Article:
Michael handles violence in a unique way; she also has few equals in how she deals with poverty. As she said in an interview, poor people, especially women, make recalcitrant heroines. "It's difficult to write about people in a position of powerlessness.
A novel is so much geared towards what people do and what decisions they make but these are people who have all that taken away from them." The flavour is reminiscent of Roddy Doyle's world, but the Doyle of his bleak television series The Family rather than his exuberant novels. This is a world trammelled by lost giros, broken lifts, the close walls of tiny flats, the passivity of unemployment, the sorrow of broken families, a world that figures much more in government surveys than in good literature.
For some of us, it is a shock to meet these people in the passionate embrace of literature rather than in the cold corridors of journalism. As a young woman in Michael's first book, Under a Thin Moon, realised when looking through the gates of wealthy houses: "There is so much beauty in the gardens, in the buildings themselves. For a moment it hurts her that there is so much beauty. Her fingers curl tightly round the railings. She wonders if the people who live there have ever seen the council estate where she lives. It is close by, but they have probably never even seen it. They will not stand like Laurie looking in on it." The same, to a certain degree, goes for literature. But Michael manages to take us right inside the council estate, without making us feel like voyeurs.
Despite the deathly grey wallpaper of this background, this book sometimes opens a window on to joy. Rather like Raymond Carver, whose work Michael's resembles in many ways, she layers beauty and ugliness in random, honest ways. There are stars in these dark nights of the human soul; and we are prepared to wait for them.
One woman in Their Angel Reach really does seem to have nothing to live for. Fat, poor, in a dead-end job, friendless, uninterested in life, she eats for comfort - or walks, by night, on the hills around her house. "Night blurred the boundaries. There w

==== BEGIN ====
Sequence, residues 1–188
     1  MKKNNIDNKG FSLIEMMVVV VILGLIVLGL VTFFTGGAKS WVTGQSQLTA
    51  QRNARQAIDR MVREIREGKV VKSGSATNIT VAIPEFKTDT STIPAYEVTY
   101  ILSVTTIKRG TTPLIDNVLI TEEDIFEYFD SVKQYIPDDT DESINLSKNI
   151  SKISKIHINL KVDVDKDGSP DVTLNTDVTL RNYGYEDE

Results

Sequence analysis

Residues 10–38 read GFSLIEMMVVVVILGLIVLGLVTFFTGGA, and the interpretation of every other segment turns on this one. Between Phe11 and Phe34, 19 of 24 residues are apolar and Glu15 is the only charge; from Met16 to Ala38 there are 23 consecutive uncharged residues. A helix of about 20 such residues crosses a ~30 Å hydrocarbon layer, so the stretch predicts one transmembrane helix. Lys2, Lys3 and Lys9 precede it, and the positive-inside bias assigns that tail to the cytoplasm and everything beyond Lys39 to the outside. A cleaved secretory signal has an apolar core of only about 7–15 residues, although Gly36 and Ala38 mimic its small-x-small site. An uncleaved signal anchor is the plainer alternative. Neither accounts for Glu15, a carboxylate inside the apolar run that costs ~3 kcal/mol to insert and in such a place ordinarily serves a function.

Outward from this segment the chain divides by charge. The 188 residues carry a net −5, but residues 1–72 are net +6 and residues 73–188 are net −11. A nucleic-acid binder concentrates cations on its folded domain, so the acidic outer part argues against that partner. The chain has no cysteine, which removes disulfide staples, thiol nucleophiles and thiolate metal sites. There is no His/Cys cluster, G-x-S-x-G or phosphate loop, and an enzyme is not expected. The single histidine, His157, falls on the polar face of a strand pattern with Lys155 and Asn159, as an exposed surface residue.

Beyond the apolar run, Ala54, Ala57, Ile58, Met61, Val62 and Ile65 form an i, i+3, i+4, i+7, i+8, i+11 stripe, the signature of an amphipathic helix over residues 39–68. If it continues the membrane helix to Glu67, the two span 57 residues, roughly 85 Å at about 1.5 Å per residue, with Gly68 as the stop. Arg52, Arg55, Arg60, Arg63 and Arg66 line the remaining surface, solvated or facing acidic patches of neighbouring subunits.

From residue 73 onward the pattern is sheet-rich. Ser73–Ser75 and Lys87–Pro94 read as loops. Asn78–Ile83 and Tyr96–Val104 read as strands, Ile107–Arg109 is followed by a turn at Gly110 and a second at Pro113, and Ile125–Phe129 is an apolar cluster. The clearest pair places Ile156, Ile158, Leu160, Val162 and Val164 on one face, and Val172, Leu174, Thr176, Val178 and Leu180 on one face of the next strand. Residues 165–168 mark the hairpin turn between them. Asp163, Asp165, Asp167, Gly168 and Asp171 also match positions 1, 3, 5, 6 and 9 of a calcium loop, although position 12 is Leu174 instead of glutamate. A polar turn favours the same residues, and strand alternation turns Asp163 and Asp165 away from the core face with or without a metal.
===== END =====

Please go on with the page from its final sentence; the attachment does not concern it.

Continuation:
a s only the shaggy rolling moor, with the greater darkness of hills printed against the night sky, like silence itself taking shape ... Out here there was an infinity of things she couldn't name, insects beneath a stone, the skull of an unknown animal
Another woman, Rachel, lives from day to day in solid misery with her passive husband and horribly ill baby. One day she meets a traveller who is into New Age nonsense. She has nothing in common with him, but the encounter sparks an irrational, deliciou
s dream, desirable enough to impel her to leave her husband and run away with her baby to a new life. At the end of the tale she still has nothing but expectations: "She felt as if she were trapped inside her own dreams. The world turned and the sun roseon a misty day. Rachel stayed where she was, looking down the long road in the mysterious autumn light."
There are false notes in this book, the odd jammed emotion spilling into rancour, jotted dialogue that looks clumsy on the page. But all in all, this combination of harsh, scoured truth and the occasional leap into beauty is precious. What more can we ask for in our fiction writers than such honesty, such fierceness? And when the moments of joy arrive, they sing out, they can be trusted.
Mark Lawson is on holiday.Reuse content